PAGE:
February 2020

Of the Book


Getting Out of Our Comfort Zone

By Rabbi Daniel Bortz

“Discomfort” and “change” might not be our favorite words of choice. But what if your life begins where your comfort zone ends?

This month we read the Torah portions focused on the great leader Moshe [Moses] and the audacious exodus from Egypt under his command. What made Moshe uniquely worthy to lead such an incredible mission? Let’s look at the moment G-d asks him to take on the mission at the burning bush:

‘So Moshe said, “let me turn now and see this great spectacle, why does the thorn bush not burn up?” The L-rd saw that he had turned to see, and G-d called to him from within the thorn bush … And He said, “Take your shoes off your feet.”’

What did Moshe do here that impressed G-d so much? Wouldn’t any of us stop and take a look if we saw such a spectacle?

Moshe was wise. He realized what turning to explore this miracle would entail. A person of his level understood he now had to make a decision whether to leave life as he knew it behind and enter a new, scary and uncertain phase. His decision was yes, he would heed the call. Just like when he saw an Egyptian taskmaster beating a Hebrew slave and risked his life to intervene, leading him to flee his palace into the desert so many years before.

Why did God respond to this decision with a request to remove shoes from his feet? The Hebrew word for “foot” is “regel” and the word for “normal” has the same letters — “ragil” (maybe the word “regular” in English stems from this). So G-d was telling Moshe: “Remove what you considered until now as normal.” To make a real change in the world, we have to embrace meaningful risks that may be uncomfortable.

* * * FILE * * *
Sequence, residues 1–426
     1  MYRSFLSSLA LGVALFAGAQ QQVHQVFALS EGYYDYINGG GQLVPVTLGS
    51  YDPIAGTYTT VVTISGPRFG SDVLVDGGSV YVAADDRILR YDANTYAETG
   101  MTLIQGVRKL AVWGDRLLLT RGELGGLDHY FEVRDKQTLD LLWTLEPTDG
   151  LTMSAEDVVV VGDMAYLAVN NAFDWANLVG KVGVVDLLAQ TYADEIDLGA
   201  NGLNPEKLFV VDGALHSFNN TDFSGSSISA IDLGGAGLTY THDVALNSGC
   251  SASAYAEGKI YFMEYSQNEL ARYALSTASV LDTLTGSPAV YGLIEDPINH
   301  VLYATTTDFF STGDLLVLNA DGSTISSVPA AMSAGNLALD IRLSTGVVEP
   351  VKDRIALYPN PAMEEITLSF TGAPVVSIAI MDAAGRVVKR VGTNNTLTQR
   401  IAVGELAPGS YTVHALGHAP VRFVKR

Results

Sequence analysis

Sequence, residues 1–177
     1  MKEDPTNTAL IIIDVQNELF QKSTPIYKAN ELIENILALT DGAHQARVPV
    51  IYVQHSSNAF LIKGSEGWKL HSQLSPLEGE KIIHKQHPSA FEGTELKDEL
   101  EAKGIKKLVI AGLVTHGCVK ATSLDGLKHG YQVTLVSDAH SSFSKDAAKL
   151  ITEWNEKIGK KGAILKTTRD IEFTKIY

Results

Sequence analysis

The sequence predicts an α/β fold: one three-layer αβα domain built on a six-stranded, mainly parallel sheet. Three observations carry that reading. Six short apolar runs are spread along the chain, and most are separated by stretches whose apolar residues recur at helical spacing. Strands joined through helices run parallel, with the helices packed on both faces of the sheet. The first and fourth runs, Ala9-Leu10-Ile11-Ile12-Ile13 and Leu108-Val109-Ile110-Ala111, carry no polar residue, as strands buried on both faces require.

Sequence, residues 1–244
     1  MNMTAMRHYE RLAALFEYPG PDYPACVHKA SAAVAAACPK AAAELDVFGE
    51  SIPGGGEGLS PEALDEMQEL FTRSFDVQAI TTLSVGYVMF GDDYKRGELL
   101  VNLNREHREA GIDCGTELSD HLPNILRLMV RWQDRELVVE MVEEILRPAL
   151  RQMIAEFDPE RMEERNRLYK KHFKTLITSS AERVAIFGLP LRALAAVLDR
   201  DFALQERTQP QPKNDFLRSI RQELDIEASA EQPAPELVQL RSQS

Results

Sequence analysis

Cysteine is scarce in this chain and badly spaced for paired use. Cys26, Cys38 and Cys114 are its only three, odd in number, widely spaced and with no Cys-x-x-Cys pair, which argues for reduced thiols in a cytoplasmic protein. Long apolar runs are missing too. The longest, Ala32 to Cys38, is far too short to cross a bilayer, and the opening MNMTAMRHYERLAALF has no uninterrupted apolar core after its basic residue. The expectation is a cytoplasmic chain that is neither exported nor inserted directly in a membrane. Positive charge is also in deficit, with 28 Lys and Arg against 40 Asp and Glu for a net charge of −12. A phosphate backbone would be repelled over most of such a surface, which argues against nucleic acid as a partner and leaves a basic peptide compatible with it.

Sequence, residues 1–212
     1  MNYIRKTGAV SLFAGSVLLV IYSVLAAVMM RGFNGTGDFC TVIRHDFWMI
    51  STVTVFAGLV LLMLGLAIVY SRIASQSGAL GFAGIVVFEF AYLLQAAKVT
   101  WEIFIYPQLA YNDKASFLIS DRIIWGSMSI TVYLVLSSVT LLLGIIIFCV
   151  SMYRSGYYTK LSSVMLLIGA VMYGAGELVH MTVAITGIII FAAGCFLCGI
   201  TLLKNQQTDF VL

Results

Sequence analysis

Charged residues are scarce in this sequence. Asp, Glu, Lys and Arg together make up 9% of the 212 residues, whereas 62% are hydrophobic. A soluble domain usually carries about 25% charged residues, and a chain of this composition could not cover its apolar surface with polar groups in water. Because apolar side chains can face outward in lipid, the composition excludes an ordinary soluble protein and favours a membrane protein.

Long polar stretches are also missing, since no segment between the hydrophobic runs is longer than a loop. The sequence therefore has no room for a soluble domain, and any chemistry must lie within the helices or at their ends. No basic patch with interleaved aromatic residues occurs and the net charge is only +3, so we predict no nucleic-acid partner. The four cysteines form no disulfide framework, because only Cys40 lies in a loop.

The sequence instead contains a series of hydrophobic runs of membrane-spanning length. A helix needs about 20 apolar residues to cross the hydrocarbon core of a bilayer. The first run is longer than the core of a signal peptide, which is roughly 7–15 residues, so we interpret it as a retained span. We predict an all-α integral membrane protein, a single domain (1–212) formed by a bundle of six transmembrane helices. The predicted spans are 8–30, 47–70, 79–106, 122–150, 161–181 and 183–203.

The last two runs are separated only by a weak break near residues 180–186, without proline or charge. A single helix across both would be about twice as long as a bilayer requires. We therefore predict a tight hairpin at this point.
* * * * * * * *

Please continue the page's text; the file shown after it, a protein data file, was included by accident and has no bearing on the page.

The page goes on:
At first glance, it seems Moshe just happened upon this situation. But we know that “success is when preparation meets opportunity.” Our opportunities are gifts from above, but it’s our work and determination over time that makes us fitting to receive and then seize that opportunity. We don’t always get what we want, we get what we are.

“And Moshe was 80 years old, and Aaron was 83 years old when they spoke with Pharaoh.” Abraham was 75 when G-d spoke to him. Like most successful people we see in today’s culture, we read very little in the written Torah about the life journeys of our leaders until they are chosen for their awe inspiring roles of saving the world. But we best believe they earned those opportunities.

Becoming an exceptional, virtuous person is a life long journey. The gains are not immediately noticed, and there are numerous failures along the way. But if we look to continually work on improving our character traits, personal skills and talents – always willing to leave our comfort zones in search for truth – may we be worthy to merit to have opportunities to step into our purpose and make our unique impact on this world.

Let’s stay driven and patient, using every day and moment as opportunities to develop. You haven’t failed, you’re just early. And when the time finally comes to step up, let’s be ready to heed the call.



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